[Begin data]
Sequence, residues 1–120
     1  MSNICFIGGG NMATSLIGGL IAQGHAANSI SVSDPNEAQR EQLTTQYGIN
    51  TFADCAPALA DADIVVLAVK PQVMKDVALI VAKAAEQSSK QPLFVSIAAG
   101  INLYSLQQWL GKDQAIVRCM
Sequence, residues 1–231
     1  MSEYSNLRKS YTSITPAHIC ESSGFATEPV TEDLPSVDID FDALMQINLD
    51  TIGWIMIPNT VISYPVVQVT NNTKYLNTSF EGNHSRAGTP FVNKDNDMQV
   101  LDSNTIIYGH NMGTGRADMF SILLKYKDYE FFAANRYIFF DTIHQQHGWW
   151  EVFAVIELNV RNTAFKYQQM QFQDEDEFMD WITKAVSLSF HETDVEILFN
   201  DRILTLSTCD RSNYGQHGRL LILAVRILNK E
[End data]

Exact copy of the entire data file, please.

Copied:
Sequence, residues 1–120
     1  MSNICFIGGG NMATSLIGGL IAQGHAANSI SVSDPNEAQR EQLTTQYGIN
    51  TFADCAPALA DADIVVLAVK PQVMKDVALI VAKAAEQSSK QPLFVSIAAG
   101  INLYSLQQWL GKDQAIVRCM
Sequence, residues 1–231
     1  MSEYSNLRKS YTSITPAHIC ESSGFATEPV TEDLPSVDID FDALMQINLD
    51  TIGWIMIPNT VISYPVVQVT NNTKYLNTSF EGNHSRAGTP FVNKDNDMQV
   101  LDSNTIIYGH NMGTGRADMF SILLKYKDYE FFAANRYIFF DTIHQQHGWW
   151  EVFAVIELNV RNTAFKYQQM QFQDEDEFMD WITKAVSLSF HETDVEILFN
   201  DRILTLSTCD RSNYGQHGRL LILAVRILNK E